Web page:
A Tale of Two America's

“We cannot escape our history” a quote from none other than Abraham

Lincoln. Putting aside the oft overlooked fact that the Great Emancipator

didn’t actually believe in the equality of the races despite his freeing of the

slaves, Lincoln’s words on American history were accurate and prophetic. No

other advanced Western country finds itself with a sizeable minority of its

population that clings to the norms and ideals of the late eighteenth century,

such as the US does. While the majority of Americans yearn for progressive

change and view politics through the optic of the twenty-first century, millions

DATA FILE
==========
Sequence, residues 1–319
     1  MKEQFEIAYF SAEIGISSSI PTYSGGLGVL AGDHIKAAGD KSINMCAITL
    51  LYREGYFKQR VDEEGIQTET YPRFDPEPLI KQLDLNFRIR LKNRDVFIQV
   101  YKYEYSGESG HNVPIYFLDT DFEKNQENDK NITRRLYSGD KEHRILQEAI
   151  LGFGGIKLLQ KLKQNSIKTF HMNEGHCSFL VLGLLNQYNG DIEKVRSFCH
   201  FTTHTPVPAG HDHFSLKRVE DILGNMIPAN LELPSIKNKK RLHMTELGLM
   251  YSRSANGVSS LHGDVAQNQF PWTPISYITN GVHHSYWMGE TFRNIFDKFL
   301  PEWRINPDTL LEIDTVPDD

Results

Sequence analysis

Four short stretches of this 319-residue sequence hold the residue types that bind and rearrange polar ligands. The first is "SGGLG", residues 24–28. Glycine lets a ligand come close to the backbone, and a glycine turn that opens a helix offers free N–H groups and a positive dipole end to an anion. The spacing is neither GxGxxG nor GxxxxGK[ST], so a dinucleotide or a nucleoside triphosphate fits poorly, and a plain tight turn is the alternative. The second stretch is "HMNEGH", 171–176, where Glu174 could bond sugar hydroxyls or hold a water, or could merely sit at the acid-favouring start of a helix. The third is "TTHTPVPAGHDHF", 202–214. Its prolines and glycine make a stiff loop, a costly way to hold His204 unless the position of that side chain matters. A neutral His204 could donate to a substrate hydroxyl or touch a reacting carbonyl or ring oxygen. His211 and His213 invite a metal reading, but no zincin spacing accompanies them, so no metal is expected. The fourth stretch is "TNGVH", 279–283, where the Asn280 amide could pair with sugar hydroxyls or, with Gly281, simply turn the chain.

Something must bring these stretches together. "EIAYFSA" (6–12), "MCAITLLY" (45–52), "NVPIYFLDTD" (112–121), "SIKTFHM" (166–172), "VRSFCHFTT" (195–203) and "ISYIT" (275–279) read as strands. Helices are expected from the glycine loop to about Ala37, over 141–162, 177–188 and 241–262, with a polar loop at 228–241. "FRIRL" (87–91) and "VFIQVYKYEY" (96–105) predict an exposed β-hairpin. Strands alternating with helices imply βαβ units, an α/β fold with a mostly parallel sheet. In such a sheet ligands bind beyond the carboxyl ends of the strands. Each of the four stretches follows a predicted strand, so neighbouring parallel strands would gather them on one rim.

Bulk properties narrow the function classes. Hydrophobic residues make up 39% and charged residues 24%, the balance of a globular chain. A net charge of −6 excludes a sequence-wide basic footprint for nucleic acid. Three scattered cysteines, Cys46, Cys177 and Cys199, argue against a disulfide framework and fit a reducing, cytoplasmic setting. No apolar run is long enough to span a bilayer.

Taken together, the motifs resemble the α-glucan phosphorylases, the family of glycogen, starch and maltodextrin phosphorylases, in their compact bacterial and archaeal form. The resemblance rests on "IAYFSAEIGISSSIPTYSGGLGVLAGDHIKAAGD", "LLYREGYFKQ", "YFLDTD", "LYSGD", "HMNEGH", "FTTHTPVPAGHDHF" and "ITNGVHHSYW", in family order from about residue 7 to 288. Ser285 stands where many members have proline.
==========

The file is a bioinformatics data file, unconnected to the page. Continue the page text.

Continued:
simply do not. If the US was on the psychiatrist’s couch, schizophrenia would

undoubtedly be the diagnosis.


American history feels stuck in an endless merry-go-round of the same

problems coming up time after time. Race is, unbelievably, still a huge,

unresolved issue in the US, despite a civil war, civil rights struggle and more.

Here’s the thing though. It’s not just Lincoln that had the cognitive dissonance

of freeing the slaves on the one hand and believing in racial inequality on the

other. That split American personality runs way deeper than that. The

Founding Fathers, iconic heroes of the right, forged a new Republic with racism

at its very heart. A subsequent bloody civil war led to not racial resolution, but

Jim Crow. American troops that fought in World War Two to defeat fascism,

were segregated by color. Franklin Roosevelt, held up by so many as a

champion of liberal progressivism, oversaw the internment of Japanese-

Americans during that same conflict. Against that historical backdrop, it makes